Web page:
Public Confidence At Stake In Deficit Panel Deliberations
Meanwhile, media outlets consider whether the panel will ultimately opt to go for a "grand bargain."
USA Today: Leaders Of Deficit Panel Say Public's Confidence At Stake
The leaders of a bipartisan congressional committee charged with finding at least $1.2 trillion in deficit reduction over the next decade say Americans' confidence in Washington hinges on their success. … If the committee deadlocks or fails, $1.2 trillion still would be cut automatically from future deficits, divided between defense and domestic spending, including Medicare. Hensarling likened that threat to "a hammer in the closet" (Wolf, 9/14).
Roll Call: Deficit Panel Taking Work Behind Closed Doors
The Joint Committee on Deficit Reduction will hold its first full-member closed-door session Thursday morning, multiple sources have confirmed. … In their first two sessions, lawmakers in both parties emphasized that the group can find points of common ground based on previous bipartisan efforts, such as the recommendations released in December 2010 by the president's deficit commission, and areas of agreement in last spring’s bipartisan, bicameral negotiating group led by Vice President Joseph Biden. Tuesday's public hearing of the joint committee included testimony from Congressional Budget Office Director Douglas Elmendorf. Sources close to the committee indicated the intent of the public sessions is to allow experts and the public to weigh in on the issues of deficit reduction and the economy (Shiner, 9/14).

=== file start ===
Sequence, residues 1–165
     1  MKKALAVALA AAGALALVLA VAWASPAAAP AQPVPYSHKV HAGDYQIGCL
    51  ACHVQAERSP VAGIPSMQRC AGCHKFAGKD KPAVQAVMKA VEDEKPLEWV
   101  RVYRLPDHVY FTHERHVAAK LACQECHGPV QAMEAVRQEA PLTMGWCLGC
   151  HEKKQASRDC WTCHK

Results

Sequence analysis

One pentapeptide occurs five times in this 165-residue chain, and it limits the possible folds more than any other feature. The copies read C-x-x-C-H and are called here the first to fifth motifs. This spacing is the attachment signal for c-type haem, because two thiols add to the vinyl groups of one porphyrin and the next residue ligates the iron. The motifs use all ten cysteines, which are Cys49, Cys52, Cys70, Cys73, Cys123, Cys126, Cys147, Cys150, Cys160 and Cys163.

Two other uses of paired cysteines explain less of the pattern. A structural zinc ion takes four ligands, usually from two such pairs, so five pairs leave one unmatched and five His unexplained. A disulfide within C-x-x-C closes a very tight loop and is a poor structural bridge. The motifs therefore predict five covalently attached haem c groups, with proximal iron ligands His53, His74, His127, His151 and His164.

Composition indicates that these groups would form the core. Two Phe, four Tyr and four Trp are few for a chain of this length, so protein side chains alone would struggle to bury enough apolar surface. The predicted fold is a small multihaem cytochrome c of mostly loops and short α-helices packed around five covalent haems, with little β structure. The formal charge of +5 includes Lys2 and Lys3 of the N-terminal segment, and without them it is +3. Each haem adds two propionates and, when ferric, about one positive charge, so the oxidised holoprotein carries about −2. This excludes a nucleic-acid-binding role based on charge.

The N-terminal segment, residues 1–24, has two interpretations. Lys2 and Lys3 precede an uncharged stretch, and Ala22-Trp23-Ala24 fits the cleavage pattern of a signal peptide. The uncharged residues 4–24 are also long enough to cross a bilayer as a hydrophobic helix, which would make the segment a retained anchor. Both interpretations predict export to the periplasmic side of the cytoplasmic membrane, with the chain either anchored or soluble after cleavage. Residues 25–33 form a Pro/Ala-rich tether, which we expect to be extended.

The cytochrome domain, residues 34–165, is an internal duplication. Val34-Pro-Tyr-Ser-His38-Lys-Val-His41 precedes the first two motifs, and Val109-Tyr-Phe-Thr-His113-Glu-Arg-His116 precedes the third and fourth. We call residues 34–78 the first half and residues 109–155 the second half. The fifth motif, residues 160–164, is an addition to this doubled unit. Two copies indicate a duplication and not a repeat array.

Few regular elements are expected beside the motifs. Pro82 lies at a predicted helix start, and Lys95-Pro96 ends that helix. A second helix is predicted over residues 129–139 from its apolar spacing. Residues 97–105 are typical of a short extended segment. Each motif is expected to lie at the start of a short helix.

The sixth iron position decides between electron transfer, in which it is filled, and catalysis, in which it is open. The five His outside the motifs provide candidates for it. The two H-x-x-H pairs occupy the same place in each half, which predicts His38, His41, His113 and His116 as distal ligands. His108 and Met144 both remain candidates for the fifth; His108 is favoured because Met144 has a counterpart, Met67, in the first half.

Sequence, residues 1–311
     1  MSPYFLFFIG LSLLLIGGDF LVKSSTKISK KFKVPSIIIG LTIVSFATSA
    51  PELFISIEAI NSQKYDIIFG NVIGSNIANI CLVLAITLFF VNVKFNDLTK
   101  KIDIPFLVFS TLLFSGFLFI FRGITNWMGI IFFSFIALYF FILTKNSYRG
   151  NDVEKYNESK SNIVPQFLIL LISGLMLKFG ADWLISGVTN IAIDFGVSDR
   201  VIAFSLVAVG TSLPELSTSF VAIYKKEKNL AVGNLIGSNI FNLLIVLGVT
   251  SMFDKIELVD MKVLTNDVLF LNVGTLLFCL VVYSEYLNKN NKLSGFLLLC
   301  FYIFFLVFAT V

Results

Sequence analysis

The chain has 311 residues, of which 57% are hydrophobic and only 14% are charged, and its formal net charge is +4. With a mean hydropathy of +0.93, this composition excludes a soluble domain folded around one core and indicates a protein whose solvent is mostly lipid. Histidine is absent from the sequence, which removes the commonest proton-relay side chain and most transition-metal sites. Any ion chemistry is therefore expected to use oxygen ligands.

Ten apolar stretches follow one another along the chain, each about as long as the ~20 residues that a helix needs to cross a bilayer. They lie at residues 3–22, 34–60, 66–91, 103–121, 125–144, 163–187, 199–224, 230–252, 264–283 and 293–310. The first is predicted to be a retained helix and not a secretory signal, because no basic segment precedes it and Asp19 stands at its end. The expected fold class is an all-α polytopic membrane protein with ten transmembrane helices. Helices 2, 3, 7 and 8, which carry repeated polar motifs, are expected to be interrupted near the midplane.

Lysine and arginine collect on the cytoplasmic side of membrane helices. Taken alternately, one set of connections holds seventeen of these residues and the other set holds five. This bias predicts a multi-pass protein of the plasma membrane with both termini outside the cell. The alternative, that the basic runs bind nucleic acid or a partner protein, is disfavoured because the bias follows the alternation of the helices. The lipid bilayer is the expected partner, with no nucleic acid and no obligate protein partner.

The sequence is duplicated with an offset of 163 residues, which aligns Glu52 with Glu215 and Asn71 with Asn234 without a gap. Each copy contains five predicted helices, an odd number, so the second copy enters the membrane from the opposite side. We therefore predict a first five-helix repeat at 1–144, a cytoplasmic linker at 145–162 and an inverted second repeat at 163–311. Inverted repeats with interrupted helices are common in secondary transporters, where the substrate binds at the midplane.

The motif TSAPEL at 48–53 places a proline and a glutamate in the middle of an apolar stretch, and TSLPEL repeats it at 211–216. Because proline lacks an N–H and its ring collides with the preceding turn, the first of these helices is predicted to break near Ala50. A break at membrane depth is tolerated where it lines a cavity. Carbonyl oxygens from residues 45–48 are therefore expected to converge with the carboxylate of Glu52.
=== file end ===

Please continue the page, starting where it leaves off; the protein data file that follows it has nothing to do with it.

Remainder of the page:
The Fiscal Times: Super Panel May Go For A Grand Fiscal Bargain
A task force of prominent budget experts concluded on Wednesday that the 12-member bicameral panel has far more power than many realize, and could work well past a November deadline in pursuit of a "grand bargain" of entitlement and tax reforms. ... [T]he Super Committee could also include detailed instructions to the relevant House and Senate committees to draft legislation to rewrite the tax code and alter Medicare, Medicaid and Social Security and report back next year (Pianin, 9/14).
The Hill: Deficit Panel Unlikely To Go Big
The debt super committee is unlikely to "go big" and find more than $1.5 trillion in budget cuts, according to a member of the special panel. … There does not appear to be any consensus to cut Medicare payments to doctors, the Defense Department or other large programs with strong political support, the lawmaker said (Bolton, 9/14).